• Identifying possible components to reuse
• Identifying the match between candidate components and your functional and non-functional requirements
• Testing a few components such that you can identify the match
If you have good candidates then there are the cost of modifying, testing and integrating the component:
• Modifying the components functionality to fit your need
• Testing the component to your users usability, performance, and reliability requirements
• Modifying the code to your platform and tooling requirements

## Benefits of reusing software code

In the following picture you see two products, A and B. They both have lines of code which are unique to their product, product A specific LOC and product B specific LOC, and they have a potential for sharing, the reuse potential. From the picture you can see visually that the maximum sharing benefit a company can have is equal to the reuse potential.

Unfortunately this is not for free. As we saw above there are costs of sharing:

• Cost of integration of the common component
• Cost of defining the exact boundaries and required functionality of the common component
• Cost of engineering communication overhead

So if, $C_C$ = Effort representing the common overlap in product A and product B $C_S$ = The cost of sharing the common asset in a  product Then the maximum beneficial value of reuse for that product, $V_R$ is: $V_R$ = $C_C - C_S$ If a common asset can be 'consumed' in multiple products, the total benefit in terms of saving effort is $N \dot {C_C}$ minus the total costs of sharing $\sum_{i=1}^{N}C_{Si}$ $TV_R$ = $N \dot {C_C} - \sum_{i=1}^{N}C_{Si}$ Note that this formula can only have positive value when the cost of sharing are not higher than effort it takes to create the common asset, don't reuse if the reuse potential is too small!

## How does this develop over time?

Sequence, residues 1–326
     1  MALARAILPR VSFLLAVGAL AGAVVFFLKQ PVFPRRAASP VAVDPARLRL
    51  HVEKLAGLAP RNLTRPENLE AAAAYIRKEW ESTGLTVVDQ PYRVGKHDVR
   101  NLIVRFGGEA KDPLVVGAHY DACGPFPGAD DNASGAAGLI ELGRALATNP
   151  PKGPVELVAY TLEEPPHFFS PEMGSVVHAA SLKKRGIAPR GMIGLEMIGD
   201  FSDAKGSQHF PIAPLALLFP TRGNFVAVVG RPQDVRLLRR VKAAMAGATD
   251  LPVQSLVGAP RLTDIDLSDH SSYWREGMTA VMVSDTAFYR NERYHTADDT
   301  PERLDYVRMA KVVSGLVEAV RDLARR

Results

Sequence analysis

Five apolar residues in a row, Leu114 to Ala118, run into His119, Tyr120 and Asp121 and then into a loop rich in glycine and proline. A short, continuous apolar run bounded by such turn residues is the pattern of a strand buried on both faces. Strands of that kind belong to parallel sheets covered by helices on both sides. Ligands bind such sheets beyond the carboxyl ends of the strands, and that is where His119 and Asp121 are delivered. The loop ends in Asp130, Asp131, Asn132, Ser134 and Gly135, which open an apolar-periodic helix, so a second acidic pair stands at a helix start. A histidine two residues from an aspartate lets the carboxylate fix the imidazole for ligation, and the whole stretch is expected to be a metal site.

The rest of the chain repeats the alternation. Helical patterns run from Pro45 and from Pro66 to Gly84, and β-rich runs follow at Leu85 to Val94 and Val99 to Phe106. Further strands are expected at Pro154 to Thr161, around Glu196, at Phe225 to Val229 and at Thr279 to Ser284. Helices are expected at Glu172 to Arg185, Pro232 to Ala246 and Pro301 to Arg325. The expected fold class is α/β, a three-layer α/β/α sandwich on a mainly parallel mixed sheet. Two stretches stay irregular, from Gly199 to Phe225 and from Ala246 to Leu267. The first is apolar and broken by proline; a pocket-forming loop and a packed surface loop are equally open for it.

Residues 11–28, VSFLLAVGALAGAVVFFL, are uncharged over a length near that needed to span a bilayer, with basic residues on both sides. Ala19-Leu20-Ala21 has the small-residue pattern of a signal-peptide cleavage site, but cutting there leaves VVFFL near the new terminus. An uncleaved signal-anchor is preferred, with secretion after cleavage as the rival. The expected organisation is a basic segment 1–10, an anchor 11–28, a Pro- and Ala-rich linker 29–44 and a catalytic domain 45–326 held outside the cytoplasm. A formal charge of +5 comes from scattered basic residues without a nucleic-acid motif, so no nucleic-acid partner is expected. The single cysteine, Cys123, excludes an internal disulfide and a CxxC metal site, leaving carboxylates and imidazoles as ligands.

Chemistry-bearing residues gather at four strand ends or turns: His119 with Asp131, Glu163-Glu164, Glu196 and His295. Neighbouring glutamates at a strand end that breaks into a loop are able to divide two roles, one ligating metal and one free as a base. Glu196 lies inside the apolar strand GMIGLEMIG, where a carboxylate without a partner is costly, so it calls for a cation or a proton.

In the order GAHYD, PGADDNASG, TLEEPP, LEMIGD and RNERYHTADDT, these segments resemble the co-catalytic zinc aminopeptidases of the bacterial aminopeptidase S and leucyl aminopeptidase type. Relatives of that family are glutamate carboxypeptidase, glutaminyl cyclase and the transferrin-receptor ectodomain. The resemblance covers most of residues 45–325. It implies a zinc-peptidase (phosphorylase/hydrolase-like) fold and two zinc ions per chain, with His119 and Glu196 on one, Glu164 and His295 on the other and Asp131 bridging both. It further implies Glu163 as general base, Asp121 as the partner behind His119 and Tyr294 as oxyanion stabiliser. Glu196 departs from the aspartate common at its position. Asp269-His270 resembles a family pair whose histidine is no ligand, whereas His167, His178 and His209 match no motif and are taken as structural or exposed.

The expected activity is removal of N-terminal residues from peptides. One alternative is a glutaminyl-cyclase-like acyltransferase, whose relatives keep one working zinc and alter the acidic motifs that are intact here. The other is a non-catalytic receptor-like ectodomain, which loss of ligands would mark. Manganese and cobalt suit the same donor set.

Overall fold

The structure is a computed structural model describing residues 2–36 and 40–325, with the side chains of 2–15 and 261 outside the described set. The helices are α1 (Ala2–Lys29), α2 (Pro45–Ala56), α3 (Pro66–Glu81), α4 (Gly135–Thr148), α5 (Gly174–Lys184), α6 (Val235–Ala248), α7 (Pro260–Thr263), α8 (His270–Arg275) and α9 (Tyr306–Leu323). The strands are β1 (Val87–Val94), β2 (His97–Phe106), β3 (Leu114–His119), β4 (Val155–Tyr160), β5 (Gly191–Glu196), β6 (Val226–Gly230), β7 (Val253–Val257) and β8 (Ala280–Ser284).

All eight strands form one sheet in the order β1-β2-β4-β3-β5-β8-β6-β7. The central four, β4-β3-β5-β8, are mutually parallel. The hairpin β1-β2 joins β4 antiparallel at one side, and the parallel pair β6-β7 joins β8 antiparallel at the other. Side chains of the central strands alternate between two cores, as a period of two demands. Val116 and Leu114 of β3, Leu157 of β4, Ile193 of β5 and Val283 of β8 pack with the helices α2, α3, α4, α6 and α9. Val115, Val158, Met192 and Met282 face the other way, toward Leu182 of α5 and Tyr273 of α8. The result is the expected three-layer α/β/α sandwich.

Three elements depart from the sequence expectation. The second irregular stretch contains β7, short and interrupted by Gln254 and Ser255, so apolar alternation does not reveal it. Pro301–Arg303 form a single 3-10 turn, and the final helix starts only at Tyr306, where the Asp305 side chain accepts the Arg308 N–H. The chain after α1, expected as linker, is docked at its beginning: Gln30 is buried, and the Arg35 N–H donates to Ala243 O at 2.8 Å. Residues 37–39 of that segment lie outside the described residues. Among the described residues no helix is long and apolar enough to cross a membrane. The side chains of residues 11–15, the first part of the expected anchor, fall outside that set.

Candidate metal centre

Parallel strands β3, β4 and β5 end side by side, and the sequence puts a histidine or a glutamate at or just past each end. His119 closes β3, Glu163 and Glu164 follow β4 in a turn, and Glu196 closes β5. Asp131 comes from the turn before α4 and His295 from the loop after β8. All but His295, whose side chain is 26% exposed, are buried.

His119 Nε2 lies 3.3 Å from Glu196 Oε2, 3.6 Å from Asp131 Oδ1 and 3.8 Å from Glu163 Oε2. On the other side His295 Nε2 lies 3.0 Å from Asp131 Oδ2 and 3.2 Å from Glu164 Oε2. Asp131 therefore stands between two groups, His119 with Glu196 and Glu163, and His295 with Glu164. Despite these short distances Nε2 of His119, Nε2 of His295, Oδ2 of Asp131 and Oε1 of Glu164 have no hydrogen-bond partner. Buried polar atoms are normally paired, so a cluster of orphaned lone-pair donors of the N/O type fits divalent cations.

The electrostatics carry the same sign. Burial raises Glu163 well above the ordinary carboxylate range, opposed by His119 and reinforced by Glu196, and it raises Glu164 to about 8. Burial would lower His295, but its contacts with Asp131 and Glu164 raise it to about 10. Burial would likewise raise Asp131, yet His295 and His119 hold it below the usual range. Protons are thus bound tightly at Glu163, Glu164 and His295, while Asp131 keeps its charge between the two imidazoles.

There are a few possibilities in how a common component  will develop over time:
1. The common component will remain fully common
2. The common component will be gradually 'poluted' with product specific logic
Which scenario will unfold is difficult to predict: it largely depend on different factors:
• The commonality of the product roadmaps
• The commonality in the timing of the need for common features in these roadmap
• The quality of the engineers creating the code
• The understanding of the product needs and commonality by these engineer
If these factors are not well and professionallity managed, the component can seem common but in practice the common component contains a lot of product specific code. As the time progresses, the benefit decreases:

## Conclusions and recommendations

When considering functionality for reuse between 2 or more products take into account that:
• The common component has a substantial size
• The common component should have a common roadmap
• Product management should be made aware their role to explicitly marking the need & expecations for commonly developed features
• Software engineers should be trained to understand the product needs before assuming there is an explicit need for common features.